Beside each valve on top of the instrument is an extra key. These make certain alternate fingerings and trills possible that would otherwise be difficult. You will easily discover your own uses for them. The one beside 1st valve raises the pitch 1 whole tone. The one beside 2nd valve raises the pitch 1 semitone and the one beside 3rd valve raises the pitch a major third (not exactly the min. 3rd mirror image of its 3rd valve counterpart that one might expect). One of their biggest uses is for trilling between C and D, C and C#, B and C# etc.

Vibrato and Pitch Bending

The EVI uses two separate mechanisms to facilitate vibrato and pitch bending. On the bottom of the EVI are the pitchbend tabs that are mounted at a 45 degree angle. In between them is a soft pad where the right thumb is placed while playing. Midway between the two benders, you will feel a lump under the pad. This is the Vibrato sensor.

Vibrato is done on the EVI much in the same way as is done on a violin. It is done with human hand motion through the right thumb to the vibrato sensor. Sterile sounding LFO modulation can be left to the keyboard players, as is normally done with synthesizers.

The reason that a separate sensor is used for vibrato is to be able to make it respond only to motion and not to steady pressure. This makes it so that one can enjoy a lot of vibrato sensitivity and freedom without having to hold the sensor in exactly the right place to stay in tune. Putting a steady pressure on the vibrato sensor and holding it, only moves the pitch momentarily and the pitch will return to center.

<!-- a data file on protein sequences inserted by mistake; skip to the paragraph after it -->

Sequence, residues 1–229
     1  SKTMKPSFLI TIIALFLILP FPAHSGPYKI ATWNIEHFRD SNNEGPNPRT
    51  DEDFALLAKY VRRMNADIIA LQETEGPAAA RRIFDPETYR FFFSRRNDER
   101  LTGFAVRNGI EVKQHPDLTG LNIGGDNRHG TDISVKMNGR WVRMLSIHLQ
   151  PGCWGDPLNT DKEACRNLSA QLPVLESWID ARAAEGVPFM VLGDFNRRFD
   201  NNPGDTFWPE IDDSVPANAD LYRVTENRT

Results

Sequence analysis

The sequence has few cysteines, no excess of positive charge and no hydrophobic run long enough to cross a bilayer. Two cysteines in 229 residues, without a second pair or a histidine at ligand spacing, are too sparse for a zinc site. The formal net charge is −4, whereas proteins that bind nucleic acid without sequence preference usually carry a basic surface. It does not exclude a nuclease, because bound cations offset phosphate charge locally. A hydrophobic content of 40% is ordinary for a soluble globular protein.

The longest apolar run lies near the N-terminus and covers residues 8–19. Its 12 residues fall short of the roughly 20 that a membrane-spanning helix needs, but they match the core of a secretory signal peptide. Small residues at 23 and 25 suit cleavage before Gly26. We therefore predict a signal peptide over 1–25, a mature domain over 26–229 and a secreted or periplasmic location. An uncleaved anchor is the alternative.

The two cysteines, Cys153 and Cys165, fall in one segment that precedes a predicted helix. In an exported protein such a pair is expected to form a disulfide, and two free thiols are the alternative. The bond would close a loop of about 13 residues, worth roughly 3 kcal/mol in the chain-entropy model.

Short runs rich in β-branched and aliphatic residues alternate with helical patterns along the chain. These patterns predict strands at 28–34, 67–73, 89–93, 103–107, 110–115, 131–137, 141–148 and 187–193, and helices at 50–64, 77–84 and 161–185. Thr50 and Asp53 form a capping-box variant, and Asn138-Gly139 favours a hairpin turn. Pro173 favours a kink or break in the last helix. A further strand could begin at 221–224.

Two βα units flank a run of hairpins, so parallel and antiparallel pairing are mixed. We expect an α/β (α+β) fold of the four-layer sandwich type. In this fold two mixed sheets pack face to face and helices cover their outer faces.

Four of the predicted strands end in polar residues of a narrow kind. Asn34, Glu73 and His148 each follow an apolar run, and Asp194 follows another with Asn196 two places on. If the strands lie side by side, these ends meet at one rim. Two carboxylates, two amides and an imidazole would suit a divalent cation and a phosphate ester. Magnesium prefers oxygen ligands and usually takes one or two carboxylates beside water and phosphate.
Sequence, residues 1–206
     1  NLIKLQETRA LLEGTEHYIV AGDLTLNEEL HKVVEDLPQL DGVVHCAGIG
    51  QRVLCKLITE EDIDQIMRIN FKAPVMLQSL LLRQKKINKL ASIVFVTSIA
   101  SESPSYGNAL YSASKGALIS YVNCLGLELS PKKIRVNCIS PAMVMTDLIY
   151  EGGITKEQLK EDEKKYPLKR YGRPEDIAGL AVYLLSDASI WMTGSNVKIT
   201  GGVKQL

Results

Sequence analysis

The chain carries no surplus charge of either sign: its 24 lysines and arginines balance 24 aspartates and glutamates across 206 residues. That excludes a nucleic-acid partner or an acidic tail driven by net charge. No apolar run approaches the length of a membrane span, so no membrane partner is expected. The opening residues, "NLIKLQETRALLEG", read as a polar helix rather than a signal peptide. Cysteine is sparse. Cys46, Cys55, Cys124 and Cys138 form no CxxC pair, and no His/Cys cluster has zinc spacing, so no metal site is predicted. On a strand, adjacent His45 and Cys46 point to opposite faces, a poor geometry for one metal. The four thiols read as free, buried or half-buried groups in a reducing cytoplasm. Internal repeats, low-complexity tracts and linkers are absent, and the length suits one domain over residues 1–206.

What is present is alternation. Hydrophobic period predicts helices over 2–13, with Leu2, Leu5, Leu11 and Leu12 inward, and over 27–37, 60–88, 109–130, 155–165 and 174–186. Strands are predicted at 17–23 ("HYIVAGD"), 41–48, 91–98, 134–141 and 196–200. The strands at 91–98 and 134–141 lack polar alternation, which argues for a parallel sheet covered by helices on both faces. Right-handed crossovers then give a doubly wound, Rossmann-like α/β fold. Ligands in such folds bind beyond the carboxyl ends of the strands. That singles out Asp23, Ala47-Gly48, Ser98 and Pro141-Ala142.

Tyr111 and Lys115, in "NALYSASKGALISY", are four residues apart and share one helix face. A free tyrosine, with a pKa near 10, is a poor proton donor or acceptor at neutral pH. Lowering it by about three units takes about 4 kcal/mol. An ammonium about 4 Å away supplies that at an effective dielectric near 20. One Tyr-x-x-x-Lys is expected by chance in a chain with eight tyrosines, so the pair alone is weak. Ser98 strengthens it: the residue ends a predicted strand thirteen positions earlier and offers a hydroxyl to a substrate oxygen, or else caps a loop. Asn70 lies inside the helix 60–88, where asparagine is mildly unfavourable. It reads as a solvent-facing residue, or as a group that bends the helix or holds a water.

Pitch bending can be done easily by rolling the thumb on to one of the 45 degree angle bend tabs. One tab bends the pitch up and one tab bends the pitch down. They are also very useful for making slight pitch adjustments while playing with other instruments. See the drawing for clarification on use of pitchbend usage. Unlike the vibrato sensor, the pitch benders will hold a pitchbend steadily as long as the thumb is in contact with them. It is possible to do a vibrato using only the benders but the difference between doing it on a pitchbend mechanism and a vibrato sensor will be immediately obvious after trying it both ways.